Updated: Mar 5

If you missed our class on raising Mason bees, you might be wondering what the big deal is. Aren't they just like any other bee? Aren't they a pest? Well, what if we told you these little bees are small but mighty, and hold a lot more potential, and less of a threat than you think. The cycle is beginning now, so get your garden ready for these friendly pollinators to hatch!

You may have heard about the phenomenon of honey bee loss, so you know it is quite detrimental to our planet. These pollinators have become absolutely essential to the balance of the ecosystem, but honey bees aren't even native to our area, they're European! Mason bees are our Western native pollinator, and they come with a long list of benefits. At Garden Spot Nursery, we provide free information about Mason bees for our customers, and 10% of sales on Mason bee products will go toward Common Threads, a Bellingham, WA based non-profit that promotes a seed-to-table approach to food production, nutrition and environmental stewards.

Why Raise Mason Bees

Right off the bat, Mason bees are objectively the best pollinator there is. They will effectively pollinate 1,600 flowers per day while a honeybee will only pollinate about 30. They are considered "non-stingers" since they are so focused on food and egg production, they won't bother you. In the unlikely event of being stung, they are nonlethal to those who may be highly allergic to most bee stings. Mason bees are easy to care for, since they nest in pre-made holes and naturally hibernate during the winter. That's right, no hive. These are solitary bees, so each female will focus solely on her offspring, and you won't have to worry about swarms. Housing materials are affordable and come in a variety of shapes and sizes, plus you won't need any protective gear since they are nonthreatening! Once winter rolls around, it will take you a maximum of 30 minutes to bring your bees inside to protect them during hibernation. A cinch! They really are a no brainer if you want to raise pollinators in the Northwest.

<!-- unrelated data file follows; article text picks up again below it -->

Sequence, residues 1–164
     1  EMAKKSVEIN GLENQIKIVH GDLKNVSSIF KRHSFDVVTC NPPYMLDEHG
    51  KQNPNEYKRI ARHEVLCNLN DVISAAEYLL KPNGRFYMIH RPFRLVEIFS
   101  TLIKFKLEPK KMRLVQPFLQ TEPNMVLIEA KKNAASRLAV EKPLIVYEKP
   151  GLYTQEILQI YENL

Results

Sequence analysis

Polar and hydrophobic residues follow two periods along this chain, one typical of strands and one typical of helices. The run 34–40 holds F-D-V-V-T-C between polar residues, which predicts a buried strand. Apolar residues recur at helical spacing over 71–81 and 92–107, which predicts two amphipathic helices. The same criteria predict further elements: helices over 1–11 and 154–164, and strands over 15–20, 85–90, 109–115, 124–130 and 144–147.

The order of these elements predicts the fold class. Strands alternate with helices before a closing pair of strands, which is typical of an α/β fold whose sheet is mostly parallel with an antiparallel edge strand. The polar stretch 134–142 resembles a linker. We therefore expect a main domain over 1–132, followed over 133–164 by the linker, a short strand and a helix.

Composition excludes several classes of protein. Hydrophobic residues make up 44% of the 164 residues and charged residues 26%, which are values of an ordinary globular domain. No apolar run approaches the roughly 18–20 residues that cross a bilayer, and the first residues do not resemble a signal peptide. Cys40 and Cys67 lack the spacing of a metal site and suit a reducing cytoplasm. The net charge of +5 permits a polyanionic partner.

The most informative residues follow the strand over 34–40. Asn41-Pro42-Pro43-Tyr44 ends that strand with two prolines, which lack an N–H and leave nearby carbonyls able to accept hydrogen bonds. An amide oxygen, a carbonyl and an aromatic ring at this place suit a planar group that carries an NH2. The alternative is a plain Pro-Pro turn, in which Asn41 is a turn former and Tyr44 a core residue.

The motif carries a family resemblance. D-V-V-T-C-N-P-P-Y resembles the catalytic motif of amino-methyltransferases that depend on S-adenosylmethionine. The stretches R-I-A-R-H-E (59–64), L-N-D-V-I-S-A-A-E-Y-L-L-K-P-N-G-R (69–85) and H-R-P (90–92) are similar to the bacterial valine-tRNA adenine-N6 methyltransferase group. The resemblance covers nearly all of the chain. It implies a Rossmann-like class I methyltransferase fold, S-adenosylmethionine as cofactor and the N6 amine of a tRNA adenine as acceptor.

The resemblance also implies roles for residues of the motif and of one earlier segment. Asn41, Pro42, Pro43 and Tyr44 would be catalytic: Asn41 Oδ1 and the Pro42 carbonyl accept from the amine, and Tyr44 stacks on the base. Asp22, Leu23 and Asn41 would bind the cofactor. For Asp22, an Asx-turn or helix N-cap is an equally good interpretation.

What You Will Need

Before you begin raising your bees, you will need to think about where they will live. Mason bees' houses should keep them dry, and you will want to be able to open it to harvest the cocoons. The deeper the hole, the more female eggs produced, so about 6 inches will be acceptable. We recommend one of two methods: a cardboard straw system with a white paper straw inside, or wooden segmented blocks, available at Garden Spot Nursery. There other options including bamboo tubes or drilled holes in a single block of wood, but these do not allow for cleaning or inspection, which can leave your bees susceptible to mites and other pests, so we advise you to try our methods. Both were developed by Bellingham native Brian Griffin, and are supported by Knox Cellars Mason Bees in Bremerton, WA.

Preparing Your Garden

Mason bees will prefer a variety of flowers and plants, so be sure not to limit your garden to one or two. Also, avoid using harsh chemicals on your lawn and garden, as they can be harmful to the bees. Provide your bees with a mud puddle near their house, and mist it daily to maintain proper moisture. Set up your bees' house off the ground, away from rodents and other pests, and face it east so that the morning sun will warm and wake your bees. Keep away from birdhouses, if you have any.

What Happens Next